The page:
Failing schools across Yorkshire will not be handed a funding bailout, the shadow education secretary has said.
Tristram Hunt has insisted improvements can be made across the region with teacher-led changes supported by a new wave of schools commissioners rather than handing over cash for a much praised improvement plan.
Mr Hunt did though offer hope to rural schools when he said there will be no “big bang reform” to the Government’s funding plan which has seen money taken from urban schools to help historically short-changed countryside schools.
His blunt assessment of the cash situation facing schools comes amid growing concern at a glut of depressing statistics facing the region.
In the most recent GCSE league tables Yorkshire had the lowest level of 16-year-olds getting to the five A* to C grades at GCSEs, including English and maths- 53.1 per cent of pupils.
And a recent look at the region by Oftsed inspectors found that parents in Yorkshire are less likely to be able to find a good school than any other part of the country.
One solution has been to set up a Yorkshire Challenge scheme, based on a multi-million pound London project in which teachers from good schools work with under-performing schools to change results in key subjects.
Mr Hunt said he had to be realistic about what his spending options were, though adding he would back strongly schools coming to with local plans.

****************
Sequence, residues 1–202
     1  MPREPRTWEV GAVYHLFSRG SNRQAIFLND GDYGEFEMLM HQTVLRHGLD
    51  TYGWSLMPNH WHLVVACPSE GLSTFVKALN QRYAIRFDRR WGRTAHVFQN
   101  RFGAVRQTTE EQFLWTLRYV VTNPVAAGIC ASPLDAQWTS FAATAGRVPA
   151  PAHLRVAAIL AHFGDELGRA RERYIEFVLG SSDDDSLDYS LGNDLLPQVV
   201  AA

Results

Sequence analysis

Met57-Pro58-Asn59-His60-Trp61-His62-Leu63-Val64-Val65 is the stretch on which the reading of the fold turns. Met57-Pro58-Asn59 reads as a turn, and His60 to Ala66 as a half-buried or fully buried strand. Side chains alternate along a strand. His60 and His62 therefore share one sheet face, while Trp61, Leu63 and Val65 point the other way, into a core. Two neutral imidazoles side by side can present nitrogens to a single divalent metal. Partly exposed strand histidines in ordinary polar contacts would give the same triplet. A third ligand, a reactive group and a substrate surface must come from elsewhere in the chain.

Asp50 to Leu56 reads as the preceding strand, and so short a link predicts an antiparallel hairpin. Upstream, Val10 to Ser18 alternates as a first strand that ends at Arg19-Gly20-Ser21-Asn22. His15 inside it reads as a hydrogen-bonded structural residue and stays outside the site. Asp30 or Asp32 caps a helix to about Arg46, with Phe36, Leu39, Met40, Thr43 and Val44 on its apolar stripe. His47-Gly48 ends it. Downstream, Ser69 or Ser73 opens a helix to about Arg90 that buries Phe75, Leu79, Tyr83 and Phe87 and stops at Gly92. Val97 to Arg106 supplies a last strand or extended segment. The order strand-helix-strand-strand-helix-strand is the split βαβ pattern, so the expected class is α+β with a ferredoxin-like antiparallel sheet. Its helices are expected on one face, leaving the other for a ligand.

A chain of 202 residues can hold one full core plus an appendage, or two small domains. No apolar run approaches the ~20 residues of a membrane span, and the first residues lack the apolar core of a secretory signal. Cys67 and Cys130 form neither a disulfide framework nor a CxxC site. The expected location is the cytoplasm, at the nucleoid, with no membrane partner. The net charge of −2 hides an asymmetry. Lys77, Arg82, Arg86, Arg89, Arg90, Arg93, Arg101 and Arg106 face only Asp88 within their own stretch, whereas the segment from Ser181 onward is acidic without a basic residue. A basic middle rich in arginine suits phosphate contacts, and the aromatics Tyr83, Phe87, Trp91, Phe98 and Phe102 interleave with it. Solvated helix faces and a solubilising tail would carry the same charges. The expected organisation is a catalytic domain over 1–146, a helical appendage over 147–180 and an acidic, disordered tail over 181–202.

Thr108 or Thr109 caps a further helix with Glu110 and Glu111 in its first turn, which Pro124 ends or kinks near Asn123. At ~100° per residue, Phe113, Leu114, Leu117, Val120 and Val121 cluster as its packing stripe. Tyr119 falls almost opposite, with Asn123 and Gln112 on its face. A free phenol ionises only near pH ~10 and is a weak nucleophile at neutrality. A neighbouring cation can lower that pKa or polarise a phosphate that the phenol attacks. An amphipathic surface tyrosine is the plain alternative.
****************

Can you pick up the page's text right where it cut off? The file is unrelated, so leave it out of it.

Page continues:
“More and more areas are coming forward to look at the London Challenge as a model to sort out, to raise standards, and that is absolutely right.
“What we will do is provide in a sense the infrastructure for that through our directions on schools standards, through our school commissioners.
“In Yorkshire what the framework for that will be, we want local authorities to come to the Department for Education and say we in Bradford think this scheme will work, to have a school commissioner here promoting the challenge model here.
“It is great that schools are seeking to do this off their own back now, we will support them with some of the infrastructure and support system behind that. It can raise standards, it has been proven to.
“You need a broad enough geographical remit to make it work, so there are enough excellent schools involved, and you have those schools in Yorkshire that can share the knowledge between them.”
Despite that goodwill, there was a firm stance on new funding.
The Labour MP said: “Money matters, let us be very clear about that. But I have to be honest, I cannot go into the DoE and come out with large sums of new money for different parts of country.”
He added though that he would not set out to reform current funding plans, something which will be welcomed by rural schools but likely to upset urban MPs who feel they have lost out.
“Over time we want to move to greater fairness in the system, but we should be clear that money does matter but you can also see parts of the country with very little money achieving results.
“The challenge of schooling is often seen in costal towns, market towns, rural areas. We hope to move to greater fairness in the funding system, but what we will not do is come in and do a big band review of the funding formula. If the challenge is in outlying areas that needs to be reflected in the funding.”